There are many people in Minnesota who live with a disability. This disability may prevent these individuals from being able to complete everyday tasks in the same way that a non-disabled person would complete them. However, that does not mean the individuals are incapable of many of the same work-related tasks.
Often, disabled individuals just need slight accommodations in order to account for their unique disability. Under federal employment laws, specifically the Americans with Disability Act of 1990, employers must make reasonable accommodations for individuals with disabilities. This means that employers must undertake changes in order to help disabled individuals complete their jobs.
Specifically, there are three categories of reasonable accommodations outlined by the ADA. First, a reasonable accommodation includes adjustments to the application process that would allow an individual with disabilities to be considered for a position that the person is otherwise qualified for.
Additionally, reasonable accommodations include adjustments and modifications to the work environment that allow an individual with disabilities to perform the essential functions of that job.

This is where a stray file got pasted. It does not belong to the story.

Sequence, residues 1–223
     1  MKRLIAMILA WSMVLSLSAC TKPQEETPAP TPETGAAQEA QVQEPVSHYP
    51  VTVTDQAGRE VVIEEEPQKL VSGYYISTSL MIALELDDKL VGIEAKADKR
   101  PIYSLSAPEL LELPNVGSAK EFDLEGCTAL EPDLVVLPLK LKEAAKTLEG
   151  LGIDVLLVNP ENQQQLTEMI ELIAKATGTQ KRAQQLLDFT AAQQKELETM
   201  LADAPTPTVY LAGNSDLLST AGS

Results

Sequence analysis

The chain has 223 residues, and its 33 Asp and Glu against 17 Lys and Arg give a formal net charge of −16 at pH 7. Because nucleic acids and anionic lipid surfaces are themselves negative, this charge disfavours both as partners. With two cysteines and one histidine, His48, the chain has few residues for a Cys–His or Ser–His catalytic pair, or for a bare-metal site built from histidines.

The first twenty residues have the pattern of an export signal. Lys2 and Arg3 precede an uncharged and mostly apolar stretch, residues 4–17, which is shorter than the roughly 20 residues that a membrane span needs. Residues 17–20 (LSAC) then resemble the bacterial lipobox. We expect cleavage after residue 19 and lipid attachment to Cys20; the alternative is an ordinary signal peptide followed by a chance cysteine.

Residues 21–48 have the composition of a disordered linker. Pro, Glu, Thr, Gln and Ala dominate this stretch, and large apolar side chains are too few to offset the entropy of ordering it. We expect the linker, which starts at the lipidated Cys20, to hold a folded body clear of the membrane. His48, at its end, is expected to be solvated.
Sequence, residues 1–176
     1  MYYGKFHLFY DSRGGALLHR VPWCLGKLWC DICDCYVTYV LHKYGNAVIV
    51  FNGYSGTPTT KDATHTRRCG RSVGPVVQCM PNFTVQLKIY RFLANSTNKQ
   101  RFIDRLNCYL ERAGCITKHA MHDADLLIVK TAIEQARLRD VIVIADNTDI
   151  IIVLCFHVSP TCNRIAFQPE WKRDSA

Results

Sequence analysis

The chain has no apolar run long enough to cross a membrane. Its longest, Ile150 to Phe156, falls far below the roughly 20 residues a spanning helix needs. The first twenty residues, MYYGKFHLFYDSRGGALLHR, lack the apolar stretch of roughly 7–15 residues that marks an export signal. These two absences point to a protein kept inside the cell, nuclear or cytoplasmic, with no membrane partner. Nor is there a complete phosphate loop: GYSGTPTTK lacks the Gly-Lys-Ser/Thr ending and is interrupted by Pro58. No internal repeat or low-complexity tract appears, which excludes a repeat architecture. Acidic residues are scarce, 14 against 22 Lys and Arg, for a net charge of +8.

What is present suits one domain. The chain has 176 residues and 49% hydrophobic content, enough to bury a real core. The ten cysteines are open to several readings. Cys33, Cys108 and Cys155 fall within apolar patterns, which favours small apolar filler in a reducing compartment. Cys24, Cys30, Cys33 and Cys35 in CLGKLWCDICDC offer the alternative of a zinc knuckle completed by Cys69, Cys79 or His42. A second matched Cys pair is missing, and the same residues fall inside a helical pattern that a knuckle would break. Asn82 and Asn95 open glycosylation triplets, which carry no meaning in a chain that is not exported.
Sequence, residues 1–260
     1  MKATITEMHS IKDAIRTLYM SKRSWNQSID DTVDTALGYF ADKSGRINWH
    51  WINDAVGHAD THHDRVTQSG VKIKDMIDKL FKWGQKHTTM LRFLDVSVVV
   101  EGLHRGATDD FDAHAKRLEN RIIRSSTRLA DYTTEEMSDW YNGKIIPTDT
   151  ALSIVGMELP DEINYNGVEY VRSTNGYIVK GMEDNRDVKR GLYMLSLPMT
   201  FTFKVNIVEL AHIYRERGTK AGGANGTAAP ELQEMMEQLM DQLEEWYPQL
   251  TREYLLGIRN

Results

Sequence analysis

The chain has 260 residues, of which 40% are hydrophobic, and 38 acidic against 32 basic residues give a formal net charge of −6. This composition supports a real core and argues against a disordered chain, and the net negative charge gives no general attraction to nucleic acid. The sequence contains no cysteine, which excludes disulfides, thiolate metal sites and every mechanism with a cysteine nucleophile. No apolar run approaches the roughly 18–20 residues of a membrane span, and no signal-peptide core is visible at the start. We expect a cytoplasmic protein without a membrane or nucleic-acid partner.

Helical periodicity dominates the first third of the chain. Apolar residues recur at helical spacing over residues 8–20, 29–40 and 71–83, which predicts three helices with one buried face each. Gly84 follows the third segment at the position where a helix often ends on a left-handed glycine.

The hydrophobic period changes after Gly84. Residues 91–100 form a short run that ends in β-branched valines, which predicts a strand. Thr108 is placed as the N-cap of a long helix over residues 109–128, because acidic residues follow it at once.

Finally, reasonable accommodations can also mean adjustments that allow a disabled individual to enjoy the same privileges and benefits of the employment that other employees without disabilities are entitled to and enjoy.
The Equal Employment Opportunity Commission claims that variety of specific accommodations fall under these categories. These include changing tests or training materials, acquiring modification equipment, restructuring jobs or making existing facilities accessible. Reasonable accommodations can also include reassignment to a different position and modifying a work schedule.
Disabled individuals in Minnesota are entitled to these reasonable accommodations while at work. Disability discrimination, however, still occurs despite these laws. Individuals that have suffered because of disability discrimination, should understand their legal rights. An attorney can give specific legal advice when people feel employment laws have been violated.